Not long after Ailes defended Beck's right to voice his opinion, the real impact of Beck's rhetoric -- specifically his continued, unfounded smears of the Tides Foundation -- was realized on a California highway as Byron Williams was stopped by the highway patrol and opened fire on the police officers. Williams told police afterwards that he had intended to kill people at the Tides Foundation and the ACLU, and credited Beck with "exposing" information that "blew my mind."

Nevertheless, Beck continued to enjoy significant clout leading into his "Restoring Honor" rally in Washington, DC in late August 2010, which featured Sarah Palin and Republican members of Congress among the featured guests. Beck had spent months promoting the event on Fox News and casting himself as a modern-day Martin Luther King, Jr. He also framed the rally in explicitly religious terms, telling attendees to expect "miracles" and prefacing the actual event with a religious rally at the Kennedy Center.

The overt religiosity of "Restoring Honor" continued to permeate Beck's show as he mixed wild conspiracy with apocalyptic rhetoric, recasting (relatively) mundane political squabbling as epic battles between good and evil and putting himself in the same category as biblical leaders. He also began promoting religious extremists and fringe academics, some of whom were ardent anti-Semites. And Beck himself began trafficking in anti-Semitic rhetoric in his relentless attacks on George Soros, calling him a "puppet master" who controls the media, and falsely accusing the billionaire financier of collaborating with the Nazis.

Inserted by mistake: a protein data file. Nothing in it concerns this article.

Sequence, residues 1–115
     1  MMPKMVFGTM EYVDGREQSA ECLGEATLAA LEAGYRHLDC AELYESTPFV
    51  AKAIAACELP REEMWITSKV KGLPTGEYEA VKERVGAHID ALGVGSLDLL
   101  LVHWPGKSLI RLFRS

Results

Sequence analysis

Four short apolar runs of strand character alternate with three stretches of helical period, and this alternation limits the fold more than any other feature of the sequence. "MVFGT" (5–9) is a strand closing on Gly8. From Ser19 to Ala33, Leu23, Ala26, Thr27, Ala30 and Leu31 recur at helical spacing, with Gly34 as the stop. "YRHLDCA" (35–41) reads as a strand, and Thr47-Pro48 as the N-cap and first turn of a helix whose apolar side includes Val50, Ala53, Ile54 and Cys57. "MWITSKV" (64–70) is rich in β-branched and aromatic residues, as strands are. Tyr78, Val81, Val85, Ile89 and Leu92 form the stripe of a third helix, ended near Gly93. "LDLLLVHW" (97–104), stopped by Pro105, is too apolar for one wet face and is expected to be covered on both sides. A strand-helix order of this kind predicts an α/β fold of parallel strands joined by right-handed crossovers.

Neither condemnations from Jewish groups nor the ongoing advertiser boycott did anything to change Beck's behavior -- he instead boasted that he was still on the air despite what he claimed was a campaign against him orchestrated by -- who else? -- George Soros.

Beck's ratings, however, were declining rapidly, and his increasingly eccentric behavior was alienating more and more people at Fox News, including Ailes. The New York Times's Mark Leibovich reported in October 2010 that Ailes was increasingly upset with Beck's use of Fox News' airwaves to promote his own ventures. Leibovich also noted: "When I mentioned Beck's name to several Fox reporters, personalities and staff members, it reliably elicited either a sigh or an eye roll. Several Fox News journalists have complained that Beck's antics are embarrassing Fox, that his inflammatory rhetoric makes it difficult for the network to present itself as a legitimate news outlet." At the time, Beck's ratings were down about 30 percent from 2009.